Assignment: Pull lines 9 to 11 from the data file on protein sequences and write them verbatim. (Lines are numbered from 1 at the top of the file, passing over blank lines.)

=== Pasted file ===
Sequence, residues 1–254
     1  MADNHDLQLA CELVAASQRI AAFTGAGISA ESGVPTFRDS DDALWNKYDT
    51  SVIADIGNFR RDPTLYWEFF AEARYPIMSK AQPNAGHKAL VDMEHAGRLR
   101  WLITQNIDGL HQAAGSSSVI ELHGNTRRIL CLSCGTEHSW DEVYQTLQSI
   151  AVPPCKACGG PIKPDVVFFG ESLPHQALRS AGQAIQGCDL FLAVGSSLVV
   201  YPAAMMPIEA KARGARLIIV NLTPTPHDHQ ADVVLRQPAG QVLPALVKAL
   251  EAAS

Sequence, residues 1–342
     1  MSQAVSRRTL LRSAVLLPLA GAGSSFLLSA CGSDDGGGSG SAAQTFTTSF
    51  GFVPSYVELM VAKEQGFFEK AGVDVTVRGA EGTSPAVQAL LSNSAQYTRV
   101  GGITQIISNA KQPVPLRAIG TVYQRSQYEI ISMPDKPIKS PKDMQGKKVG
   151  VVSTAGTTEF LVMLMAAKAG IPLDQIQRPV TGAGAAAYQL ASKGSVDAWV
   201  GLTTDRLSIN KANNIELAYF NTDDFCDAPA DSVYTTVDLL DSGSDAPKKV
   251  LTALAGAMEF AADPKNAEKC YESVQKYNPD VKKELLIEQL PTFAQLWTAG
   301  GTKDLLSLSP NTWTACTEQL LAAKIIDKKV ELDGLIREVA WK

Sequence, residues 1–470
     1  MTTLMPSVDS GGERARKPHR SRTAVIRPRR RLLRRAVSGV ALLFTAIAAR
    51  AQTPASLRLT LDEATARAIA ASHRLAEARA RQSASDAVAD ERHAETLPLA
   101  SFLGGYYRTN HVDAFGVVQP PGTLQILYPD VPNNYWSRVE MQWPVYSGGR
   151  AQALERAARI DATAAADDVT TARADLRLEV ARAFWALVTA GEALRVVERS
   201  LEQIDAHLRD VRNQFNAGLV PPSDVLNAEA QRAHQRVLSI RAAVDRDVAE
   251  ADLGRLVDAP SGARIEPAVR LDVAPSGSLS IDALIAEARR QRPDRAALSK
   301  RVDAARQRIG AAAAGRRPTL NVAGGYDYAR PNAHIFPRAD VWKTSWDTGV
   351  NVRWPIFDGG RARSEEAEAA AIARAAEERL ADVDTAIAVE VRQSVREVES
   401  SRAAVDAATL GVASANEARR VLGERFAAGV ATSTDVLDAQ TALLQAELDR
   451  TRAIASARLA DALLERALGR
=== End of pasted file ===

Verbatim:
     1  MSQAVSRRTL LRSAVLLPLA GAGSSFLLSA CGSDDGGGSG SAAQTFTTSF
    51  GFVPSYVELM VAKEQGFFEK AGVDVTVRGA EGTSPAVQAL LSNSAQYTRV
   101  GGITQIISNA KQPVPLRAIG TVYQRSQYEI ISMPDKPIKS PKDMQGKKVG